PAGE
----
As a result of the referendum, the parkway went down to a crushing defeat: 42,318 against; 30,897 in favor.* Richard Judd explained the results by suggesting that Vermonters simply followed their traditional economic conservatism and “dislike for spending money.” Political scientist, Frank Bryan, after closely examining the statistics of the vote, argues that wracked by economic depression and despair, legislators charged with the task of finding “quick fix” solutions viewed the transfusion of federal money as nothing less than manna from heaven, whereas the public proved wiser than their leaders and placed an unspoiled and uncontaminated natural environment above projected economic benefits.
More recently, Hanna Silverstein re-examined the results of the vote, and agrees with Bryan that Vermont towns were of course worried about the local effects of the parkway [while] . . . state government, for its part, was attempting to maximize benefits for the state as a whole.” She concludes, however, that regional differences also played a significant role: Southern towns, seeing little benefit from tourism, tended to vote against the parkway, whereas northern town, which anticipated greater gains from tourist dollars, tended to support it. Silverstein suggests that the vote also reflected disagreement on the priority of national goals—which included providing short-term employment or skilled and unskilled labor, serving conservation and recreation needs, and advancing a much larger project to link and unify the eastern seaboard—with the more local interests and concerns of Vermonters. She adds, however, that “perhaps in the end the most critical factor was the most personal and therefore the most difficult to prove: taste. Those who appreciated the aesthetics of the built environment had little trouble supporting the proposal to build a parkway intended to be scenic in both its setting and its design. Vermonters who fought and voted against the parkway could not reconcile their ideao of ‘unspoiled’ nature with a permanent, artificial structure.”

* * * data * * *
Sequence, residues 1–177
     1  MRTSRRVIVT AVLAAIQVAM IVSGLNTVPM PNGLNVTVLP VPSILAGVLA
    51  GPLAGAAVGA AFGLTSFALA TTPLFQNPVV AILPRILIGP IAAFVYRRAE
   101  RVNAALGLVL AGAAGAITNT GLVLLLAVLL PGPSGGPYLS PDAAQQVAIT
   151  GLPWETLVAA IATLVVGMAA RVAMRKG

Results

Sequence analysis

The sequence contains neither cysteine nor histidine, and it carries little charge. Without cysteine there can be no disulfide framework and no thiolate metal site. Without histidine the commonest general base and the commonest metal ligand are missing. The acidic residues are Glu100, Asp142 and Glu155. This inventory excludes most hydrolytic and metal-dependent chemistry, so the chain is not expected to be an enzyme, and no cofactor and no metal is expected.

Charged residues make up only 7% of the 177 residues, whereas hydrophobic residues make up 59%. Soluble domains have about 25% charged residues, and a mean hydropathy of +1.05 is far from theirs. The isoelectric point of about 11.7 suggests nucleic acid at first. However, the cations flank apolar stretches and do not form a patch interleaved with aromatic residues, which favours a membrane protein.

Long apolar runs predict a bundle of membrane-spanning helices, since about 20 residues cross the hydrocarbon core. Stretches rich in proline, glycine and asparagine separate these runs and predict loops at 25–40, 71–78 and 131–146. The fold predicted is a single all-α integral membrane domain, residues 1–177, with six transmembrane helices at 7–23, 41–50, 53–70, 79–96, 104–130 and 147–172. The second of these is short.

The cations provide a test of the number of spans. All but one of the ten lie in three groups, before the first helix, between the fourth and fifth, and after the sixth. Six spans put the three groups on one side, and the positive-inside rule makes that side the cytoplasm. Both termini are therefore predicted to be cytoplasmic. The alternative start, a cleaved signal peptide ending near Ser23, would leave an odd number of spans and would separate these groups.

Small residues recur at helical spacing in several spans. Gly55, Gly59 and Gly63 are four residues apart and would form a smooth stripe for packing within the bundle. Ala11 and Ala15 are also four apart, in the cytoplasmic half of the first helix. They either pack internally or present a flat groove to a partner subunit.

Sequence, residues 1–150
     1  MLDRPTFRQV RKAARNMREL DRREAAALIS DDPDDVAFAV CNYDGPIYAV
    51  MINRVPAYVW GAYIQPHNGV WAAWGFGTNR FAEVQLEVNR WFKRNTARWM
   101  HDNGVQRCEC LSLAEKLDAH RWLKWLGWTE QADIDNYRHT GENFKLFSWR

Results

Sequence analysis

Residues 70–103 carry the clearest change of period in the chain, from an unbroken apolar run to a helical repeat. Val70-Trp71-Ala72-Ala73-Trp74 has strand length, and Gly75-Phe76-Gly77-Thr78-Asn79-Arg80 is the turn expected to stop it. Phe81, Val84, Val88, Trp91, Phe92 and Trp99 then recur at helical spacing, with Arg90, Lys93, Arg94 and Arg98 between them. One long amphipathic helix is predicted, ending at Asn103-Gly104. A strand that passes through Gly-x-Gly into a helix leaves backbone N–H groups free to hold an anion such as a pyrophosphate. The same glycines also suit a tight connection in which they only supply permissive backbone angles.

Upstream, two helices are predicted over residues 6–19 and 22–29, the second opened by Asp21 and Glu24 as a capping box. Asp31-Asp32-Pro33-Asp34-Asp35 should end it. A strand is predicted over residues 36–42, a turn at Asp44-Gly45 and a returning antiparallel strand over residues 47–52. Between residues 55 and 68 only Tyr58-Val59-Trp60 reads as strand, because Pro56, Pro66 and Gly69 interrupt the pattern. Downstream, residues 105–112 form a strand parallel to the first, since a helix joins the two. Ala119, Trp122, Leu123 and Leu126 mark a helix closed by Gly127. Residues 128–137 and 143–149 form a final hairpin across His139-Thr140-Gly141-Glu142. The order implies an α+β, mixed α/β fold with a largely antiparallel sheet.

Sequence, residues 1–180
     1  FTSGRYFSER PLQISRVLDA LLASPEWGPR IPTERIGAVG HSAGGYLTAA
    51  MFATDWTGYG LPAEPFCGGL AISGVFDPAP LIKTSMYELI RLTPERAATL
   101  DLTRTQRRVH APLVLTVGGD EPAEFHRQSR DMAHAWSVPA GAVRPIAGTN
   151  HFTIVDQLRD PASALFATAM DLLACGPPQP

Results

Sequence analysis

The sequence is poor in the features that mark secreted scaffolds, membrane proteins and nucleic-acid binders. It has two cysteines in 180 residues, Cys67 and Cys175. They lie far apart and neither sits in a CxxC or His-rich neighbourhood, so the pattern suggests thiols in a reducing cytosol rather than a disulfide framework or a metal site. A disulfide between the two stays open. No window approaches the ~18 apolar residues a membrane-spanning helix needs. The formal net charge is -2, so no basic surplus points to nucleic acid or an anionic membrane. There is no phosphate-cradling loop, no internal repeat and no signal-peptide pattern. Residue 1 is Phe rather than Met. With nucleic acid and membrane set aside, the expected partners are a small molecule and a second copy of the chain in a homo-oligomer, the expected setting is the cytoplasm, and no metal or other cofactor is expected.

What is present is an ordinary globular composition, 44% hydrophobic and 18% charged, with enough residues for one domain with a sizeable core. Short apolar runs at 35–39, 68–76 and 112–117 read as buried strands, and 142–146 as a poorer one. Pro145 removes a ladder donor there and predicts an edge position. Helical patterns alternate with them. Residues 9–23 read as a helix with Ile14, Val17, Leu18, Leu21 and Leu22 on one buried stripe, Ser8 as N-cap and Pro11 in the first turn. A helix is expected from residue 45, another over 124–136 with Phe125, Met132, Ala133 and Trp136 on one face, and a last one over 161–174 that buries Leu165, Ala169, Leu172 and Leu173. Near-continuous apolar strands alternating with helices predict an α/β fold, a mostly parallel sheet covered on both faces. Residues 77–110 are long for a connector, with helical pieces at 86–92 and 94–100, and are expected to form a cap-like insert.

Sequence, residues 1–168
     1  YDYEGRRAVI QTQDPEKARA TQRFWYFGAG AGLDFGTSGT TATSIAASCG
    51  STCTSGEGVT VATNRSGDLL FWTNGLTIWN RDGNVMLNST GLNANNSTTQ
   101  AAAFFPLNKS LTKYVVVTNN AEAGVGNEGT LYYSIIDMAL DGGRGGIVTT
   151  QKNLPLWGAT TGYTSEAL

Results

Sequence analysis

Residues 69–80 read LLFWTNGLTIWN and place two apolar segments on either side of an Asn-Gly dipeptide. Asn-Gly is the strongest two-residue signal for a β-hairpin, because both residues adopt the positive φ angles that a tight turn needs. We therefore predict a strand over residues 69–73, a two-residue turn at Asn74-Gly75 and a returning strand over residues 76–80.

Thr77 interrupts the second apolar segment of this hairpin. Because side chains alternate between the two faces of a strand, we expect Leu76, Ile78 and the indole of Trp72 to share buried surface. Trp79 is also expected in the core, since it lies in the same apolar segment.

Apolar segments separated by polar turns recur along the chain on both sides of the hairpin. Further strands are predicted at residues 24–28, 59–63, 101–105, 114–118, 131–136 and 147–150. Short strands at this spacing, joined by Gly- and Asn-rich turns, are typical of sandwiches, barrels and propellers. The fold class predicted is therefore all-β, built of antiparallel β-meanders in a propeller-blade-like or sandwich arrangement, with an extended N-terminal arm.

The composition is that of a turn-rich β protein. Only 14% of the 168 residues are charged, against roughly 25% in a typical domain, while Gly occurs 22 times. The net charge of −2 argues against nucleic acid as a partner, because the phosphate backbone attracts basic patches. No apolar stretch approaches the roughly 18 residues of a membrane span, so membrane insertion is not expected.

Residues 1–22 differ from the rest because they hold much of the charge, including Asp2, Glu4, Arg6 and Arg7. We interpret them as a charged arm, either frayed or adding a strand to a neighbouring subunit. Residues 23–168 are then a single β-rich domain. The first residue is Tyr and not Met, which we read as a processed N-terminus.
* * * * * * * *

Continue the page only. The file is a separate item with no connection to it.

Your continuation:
The history of the Green Mountain Parkway continues to inspire Vermonters today. It has taken on almost mythic status as symbolic of Vermonters’ commitment to their environment and the preservation of its natural beauty and recreational resources. It also continues to challenge Vermonters to think about where and how to resolve the demands for economic growth and development as against those values of taste, conservation, preservation, and limiting access to the state’s wilderness areas.
-P. Jeffrey Potash
*These are the results reported by Bryan, Yankee Politics in Rural Vermont, 208. Bryan got these numbers from The Vermont Legislative Directory and State Manual (1937), 129. However, the numerical results of referendum differ in several accounts. Silverstein, “No Parking,” citing the Burlington Free Press (4 March, 1935), reports 43,176 to 31,101; Hand, The Star that Set, reports 42,873 to 30,795. Sherman et al., followed Silverstein.
Bryan, Frank M., Yankee Politics in Rural Vermont (Hanover, N.H., University Press of New England, 1974), 202-233.
Goldman, Hal, “James Taylor’s Progressive Vision: The Green Mountain Parkway.” Vermont History 63:3 (Summer 1995): 158-179.
Hand, Samuel B., The Star that Set: The Vermont Republican Party, 1854-1974 (Lanham, Md.: Lexington Books, 2002): 138-139.
Judd, Richard M., The New Deal in Vermont: Its Impact and Aftermath (New York : Garland Pub., 1979), 85-88.
Lee, W. Storrs, The Green Mountains of Vermont (New York, Holt, 1955), 156-158.
Sherman, Michael, Gene Sessions, P. Jeffrey Potash, Freedom and Unity: A History of Vermont (Barre, Vt.: Vermont Historical Society, 2004) 442-445.
Silverstein, Hannah, “No Parking: Vermont Rejects the Green Mountain Parkway,” Vermont History 63:3 (Summer 1995): 133-157.
Citation for this page
Woodsmoke Productions and Vermont Historical Society, “The Green Mountain Parkway,” The Green Mountain Chronicles radio broadcast and background information, original broadcast 1988-89, accessed on the web at http://vermonthistory.org/greenmountainparkway.